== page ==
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Introduction

The JAX-RS 2.1 introduced the support of server-sent events (SSE).

Since 3.2.5 release

Thanks to the community contribution, the SSE implementation has been revamped significantly in 3.2.5 release and does not depend on any additional transport or/and library.

Configuration

In most cases the SSE providers are going to be activated automatically, either though SseProvidersExtension or SseTransportCustomizationExtension. However, in case there is a need to manually add SSE support, it could be done by including SseFeature, for example:

final JAXRSServerFactoryBean factory = RuntimeDelegate.getInstance().createEndpoint(<application>, JAXRSServerFactoryBean.class);
factory.setFeatures(Arrays.asList(new SseFeature()));
...
return factory.create();

Additional Properties

There are a couple of contextual properties which allow to fine-tune the Apache CXF SSE implementation to a particular context.

PropertyDescriptionDefault
org.apache.cxf.sse.sink.buffer.size

By default, the SSE events are scheduled in batches and than flushed one by one.
If the buffer overflows, no more events are going to be accepted (and consequently, the error is returned).
The size of the buffer could be controlled using this property (if default is not suitable).

10000

OSGi

For the deployments inside OSGi containers (like Apache Karaf), Apache CXF provides a dedicated cxf-sse feature (which depends on cxf-http and cxf-jaxrs).

karaf@root()> feature:install cxf-sse 

 Once installed, the dependent bundles could benefit from SSE capabilities by specifying desired transport in the Blueprint configuration, for example.

<blueprint xmlns="http://www.osgi.org/xmlns/blueprint/v1.0.0"
       xmlns:xsi="http://www.w3.org/2001/XMLSchema-instance"
       xmlns:cxf="http://cxf.apache.org/blueprint/core"
       xmlns:jaxrs="http://cxf.apache.org/blueprint/jaxrs"

       xsi:schemaLocation="http://www.osgi.org/xmlns/blueprint/v1.0.0 http://www.osgi.org/xmlns/blueprint/v1.0.0/blueprint.xsd
                           http://cxf.apache.org/blueprint/core http://cxf.apache.org/schemas/blueprint/core.xsd
                           http://cxf.apache.org/jaxrs http://cxf.apache.org/schemas/blueprint/jaxrs.xsd">

    <bean id="sseFeature" class="org.apache.cxf.jaxrs.sse.SseFeature" />

    <cxf:bus>
        <cxf:features>
            <cxf:logging />
        </cxf:features>
    </cxf:bus>

    <jaxrs:server id="sseSampleService" address="/">
        <jaxrs:serviceBeans>
            <ref component-id="..." />
        </jaxrs:serviceBeans>
        <jaxrs:providers>
            <ref component-id="..." />
        </jaxrs:providers>
        <jaxrs:features>
            <ref component-id="sseFeature" />
        </jaxrs:features>
 </jaxrs:server>
</blueprint>

Before 3.2.5 release

Although SSE in general works on top of HTTP transport, the SSE implementation in CXF uses the dedicated one, based on Atmosphere framework. This transport only required on the server-side (client side works over normal HTTP) and is fully compatible with HTTP transport.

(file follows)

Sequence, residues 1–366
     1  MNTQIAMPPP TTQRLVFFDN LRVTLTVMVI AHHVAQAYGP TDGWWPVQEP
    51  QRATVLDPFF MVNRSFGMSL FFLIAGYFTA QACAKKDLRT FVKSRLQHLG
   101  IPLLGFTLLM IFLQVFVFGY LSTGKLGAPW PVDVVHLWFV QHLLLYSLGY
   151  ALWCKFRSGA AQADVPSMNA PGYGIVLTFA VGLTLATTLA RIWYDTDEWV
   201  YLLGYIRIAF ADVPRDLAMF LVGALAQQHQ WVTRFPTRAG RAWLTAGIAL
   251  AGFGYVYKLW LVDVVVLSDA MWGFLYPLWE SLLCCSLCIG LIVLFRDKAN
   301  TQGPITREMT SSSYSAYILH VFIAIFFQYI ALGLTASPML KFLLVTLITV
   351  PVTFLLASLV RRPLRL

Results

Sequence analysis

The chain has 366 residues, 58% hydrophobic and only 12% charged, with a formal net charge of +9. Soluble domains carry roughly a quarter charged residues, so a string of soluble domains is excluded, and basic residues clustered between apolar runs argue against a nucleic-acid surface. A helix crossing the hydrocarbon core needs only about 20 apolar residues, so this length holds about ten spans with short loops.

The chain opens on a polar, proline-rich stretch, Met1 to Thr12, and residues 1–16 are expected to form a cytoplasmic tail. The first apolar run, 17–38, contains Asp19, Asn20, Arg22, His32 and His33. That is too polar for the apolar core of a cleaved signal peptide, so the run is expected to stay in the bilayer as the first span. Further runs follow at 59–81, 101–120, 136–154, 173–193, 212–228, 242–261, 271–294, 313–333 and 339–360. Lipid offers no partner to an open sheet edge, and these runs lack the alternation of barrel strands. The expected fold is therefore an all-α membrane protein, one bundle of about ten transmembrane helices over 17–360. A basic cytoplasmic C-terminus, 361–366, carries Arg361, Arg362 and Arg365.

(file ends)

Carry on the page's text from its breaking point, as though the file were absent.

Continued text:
Configuration

There are several ways to configure SSE transport (and as the consequence, SSE support). The most straightforward one is to pass the init parameter "transportId" to the CXF servlet in question, for example:

final CXFNonSpringServlet cxfServlet = new CXFNonSpringServlet();
final ServletHolder holder = new ServletHolder(cxfServlet);
holder.setInitParameter(CXFCdiServlet.TRANSPORT_ID, SseHttpTransportFactory.TRANSPORT_ID);
...

In this case the JAXRSServerFactoryBean instances should also specify the SSE transport during construction time, for example:

final JAXRSServerFactoryBean factory = RuntimeDelegate.getInstance().createEndpoint(<application>, JAXRSServerFactoryBean.class);
factory.setTransportId(SseHttpTransportFactory.TRANSPORT_ID);
...
return factory.create();

Advanced Configuration

Since Apache CXF 3.2.3 release, it is possible to use alternative means to configure transports, including SSE one, by passing it through the Bus property "org.apache.cxf.preferred.transport.id" (also available as AbstractTransportFactory.PREFERRED_TRANSPORT_ID constant). With this property set to preferred transport, CXF servlet in question is going to pick it up instead of using the default one. SSE implementation benefits from that and in many cases setting the "transportId" init parameter on the servlet level could be omitted.

OSGi

For the deployments inside OSGi containers (like Apache Karaf), Apache CXF provides a dedicated cxf-sse feature (which depends on cxf-http and cxf-jaxrs).

karaf@root()> feature:install cxf-sse 

Once installed, the dependent bundles could benefit from SSE capabilities by specifying desired transport in the Blueprint configuration, for example.

<blueprint xmlns="http://www.osgi.org/xmlns/blueprint/v1.0.0"
       xmlns:xsi="http://www.w3.org/2001/XMLSchema-instance"
       xmlns:cxf="http://cxf.apache.org/blueprint/core"
       xmlns:jaxrs="http://cxf.apache.org/blueprint/jaxrs"

       xsi:schemaLocation="http://www.osgi.org/xmlns/blueprint/v1.0.0 http://www.osgi.org/xmlns/blueprint/v1.0.0/blueprint.xsd
                           http://cxf.apache.org/blueprint/core http://cxf.apache.org/schemas/blueprint/core.xsd
                           http://cxf.apache.org/jaxrs http://cxf.apache.org/schemas/blueprint/jaxrs.xsd">

    <cxf:bus>
        <cxf:features>
            <cxf:logging />
        </cxf:features>
    </cxf:bus>

    <jaxrs:server id="sseSampleService" address="/" transportId="http://cxf.apache.org/transports/http/sse">
        <jaxrs:serviceBeans>
            <ref component-id="..." />
        </jaxrs:serviceBeans>
        <jaxrs:providers>
            <ref component-id="..." />
        </jaxrs:providers>
    </jaxrs:server>

</blueprint>
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